More on floating

October 19, 2012

I was driving home from somewhere recently and saw a hawk floating high up in the sky, having one of those moments when it looks motionless but easily aloft.  I thought, “Maybe that’s why I’m so taken with hawks, I am trying to figure out how to float (metaphorically).  How to hover easily above or in or otherwise with regard to the moment.”

For me, having a sense of how to arrange my mind to do that has not come through someone telling me about it; that may have set the stage, but actually “getting” what the note sounds like (to mix the metaphor) has come through what has felt like an empathetic experience with someone who has the skill or well-developed ability already.

When my mother was working with me to overcome my mispronunciation of Ks and hard Cs and hard Gs when I was about five or six, I didn’t get for a long time what I was doing differently.  Suddenly I realized it was where in my mouth or throat the motions or contractions or whatever were being done — in the floor or back of my mouth, not behind my teeth as I had been doing.  With this floating and not pressuring the moment it’s a similar issue of figuring out what it entails.

The other day I was waiting in my son’s dentist’s waiting room and there was a baby in a caregiver’s arms (my son thought she was a nanny) drinking a bottle and falling asleep.  I got this really peaceful feeling inside myself and starting feeling sleepy, too.  It was quite lovely.

It was similar when I shared the feeling of floating through a same sort of vicarious experience of someone else’s experience.  The other person may have learned to do this floating through prayer and meditation, I don’t know.  I do know that what was encumbering me was basically anxiety and its sequelae.  But anxiety can be a mindset that seems real, that crowds out all other, non-anxious ways of interfacing with the world.  So changing it through wanting to doesn’t always work, I think, whereas having a “pace car” of somebody else’s floating can.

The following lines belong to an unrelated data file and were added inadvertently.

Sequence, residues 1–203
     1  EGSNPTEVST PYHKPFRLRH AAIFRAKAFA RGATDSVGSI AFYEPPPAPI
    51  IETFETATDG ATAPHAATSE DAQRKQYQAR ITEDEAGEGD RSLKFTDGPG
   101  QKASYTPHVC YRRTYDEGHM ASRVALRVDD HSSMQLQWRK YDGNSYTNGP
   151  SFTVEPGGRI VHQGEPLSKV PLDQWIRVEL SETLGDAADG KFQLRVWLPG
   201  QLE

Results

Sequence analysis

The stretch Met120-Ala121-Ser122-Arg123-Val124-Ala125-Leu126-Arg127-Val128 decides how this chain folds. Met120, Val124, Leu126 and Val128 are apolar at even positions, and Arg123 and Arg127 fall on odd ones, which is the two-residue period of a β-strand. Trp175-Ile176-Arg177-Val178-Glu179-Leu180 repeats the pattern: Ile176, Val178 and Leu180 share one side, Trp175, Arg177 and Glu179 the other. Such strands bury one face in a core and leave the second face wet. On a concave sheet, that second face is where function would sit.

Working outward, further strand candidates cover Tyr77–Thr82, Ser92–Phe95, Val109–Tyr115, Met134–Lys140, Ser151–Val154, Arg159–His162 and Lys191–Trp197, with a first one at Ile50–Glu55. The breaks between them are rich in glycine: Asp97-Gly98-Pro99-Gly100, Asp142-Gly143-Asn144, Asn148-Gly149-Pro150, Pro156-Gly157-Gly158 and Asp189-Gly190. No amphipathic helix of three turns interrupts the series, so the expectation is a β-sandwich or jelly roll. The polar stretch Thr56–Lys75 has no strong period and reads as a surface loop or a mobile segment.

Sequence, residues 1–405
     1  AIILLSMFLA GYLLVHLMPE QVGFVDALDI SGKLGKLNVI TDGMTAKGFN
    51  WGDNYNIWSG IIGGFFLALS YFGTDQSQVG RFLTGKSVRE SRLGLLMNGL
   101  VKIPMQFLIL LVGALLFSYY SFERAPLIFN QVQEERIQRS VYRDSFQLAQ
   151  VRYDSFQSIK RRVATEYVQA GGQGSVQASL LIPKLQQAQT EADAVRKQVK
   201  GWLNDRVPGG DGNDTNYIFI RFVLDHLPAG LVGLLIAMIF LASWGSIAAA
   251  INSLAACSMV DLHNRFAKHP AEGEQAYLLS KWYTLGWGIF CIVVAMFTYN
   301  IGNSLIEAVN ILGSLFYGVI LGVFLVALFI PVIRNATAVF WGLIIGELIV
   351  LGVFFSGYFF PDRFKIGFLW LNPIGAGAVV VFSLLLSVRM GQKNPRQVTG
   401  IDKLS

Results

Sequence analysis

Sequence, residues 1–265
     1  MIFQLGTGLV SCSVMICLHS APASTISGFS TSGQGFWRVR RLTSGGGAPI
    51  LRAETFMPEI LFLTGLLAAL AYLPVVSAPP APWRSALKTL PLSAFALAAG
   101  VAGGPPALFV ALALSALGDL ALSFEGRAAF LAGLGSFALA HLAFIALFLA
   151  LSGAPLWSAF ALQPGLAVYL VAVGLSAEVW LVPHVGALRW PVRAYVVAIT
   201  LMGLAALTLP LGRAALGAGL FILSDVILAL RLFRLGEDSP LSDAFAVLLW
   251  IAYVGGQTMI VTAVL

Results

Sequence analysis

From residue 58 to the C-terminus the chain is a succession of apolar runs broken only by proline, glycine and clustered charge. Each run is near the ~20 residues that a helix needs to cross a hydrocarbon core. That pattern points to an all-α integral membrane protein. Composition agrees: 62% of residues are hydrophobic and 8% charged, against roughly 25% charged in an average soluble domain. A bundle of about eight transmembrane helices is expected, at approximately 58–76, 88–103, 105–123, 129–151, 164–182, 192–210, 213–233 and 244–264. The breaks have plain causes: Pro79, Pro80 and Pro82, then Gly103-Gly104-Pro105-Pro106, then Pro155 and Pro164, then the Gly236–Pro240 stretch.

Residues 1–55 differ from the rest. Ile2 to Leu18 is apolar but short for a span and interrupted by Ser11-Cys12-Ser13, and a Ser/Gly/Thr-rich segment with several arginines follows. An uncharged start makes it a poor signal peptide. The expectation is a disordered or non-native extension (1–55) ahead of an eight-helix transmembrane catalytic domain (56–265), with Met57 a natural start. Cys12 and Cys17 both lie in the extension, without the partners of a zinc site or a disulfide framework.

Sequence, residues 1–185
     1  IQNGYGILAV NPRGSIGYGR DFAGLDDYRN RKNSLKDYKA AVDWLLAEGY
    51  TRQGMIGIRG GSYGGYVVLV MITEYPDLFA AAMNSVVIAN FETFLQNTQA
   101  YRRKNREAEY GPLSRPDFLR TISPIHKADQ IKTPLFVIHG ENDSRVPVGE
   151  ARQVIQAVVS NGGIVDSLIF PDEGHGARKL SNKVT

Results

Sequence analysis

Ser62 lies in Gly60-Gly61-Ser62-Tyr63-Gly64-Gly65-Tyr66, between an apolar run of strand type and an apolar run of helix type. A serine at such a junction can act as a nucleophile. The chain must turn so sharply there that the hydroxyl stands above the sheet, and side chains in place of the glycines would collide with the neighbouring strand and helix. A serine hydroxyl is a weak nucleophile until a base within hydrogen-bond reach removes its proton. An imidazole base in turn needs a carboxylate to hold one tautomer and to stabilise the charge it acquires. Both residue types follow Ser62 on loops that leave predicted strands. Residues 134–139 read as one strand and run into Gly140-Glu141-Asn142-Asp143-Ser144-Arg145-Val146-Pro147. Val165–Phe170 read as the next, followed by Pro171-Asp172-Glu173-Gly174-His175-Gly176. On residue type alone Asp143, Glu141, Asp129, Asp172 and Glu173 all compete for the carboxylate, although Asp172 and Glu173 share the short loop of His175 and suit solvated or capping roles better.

That’s I think what I did.  Not that I’m doing my own floating continously and wonderfully now, but at least I know what it feels like.  I wrote before about how for me it helps to think about not applying so much pressure to the moment itself and letting the natural rhythm of the situation establish the beat for me to follow.  Having experienced the experience, I can practice it myself, kind of re-find the note to sing after having heard it, and matched it, from somebody else’s pitch pipe.  (Well, at least the last couple of metaphors were both musical, even if I am mixing them.)

I am extremely grateful to whoever shared with me their floating.  I don’t know whether that happens as a gift or an exchange; if the latter, I hope they got back something equally helpful from me, although I’m not sure what that would be.  (Maybe I helped someone else similarly and this is part of a bigger and more complicated system?)  If the former, that too is an ability I would like to develop.

I suspect my recent extra-awareness of things that float, like islands and hawks, is related to my working on learning to float myself.

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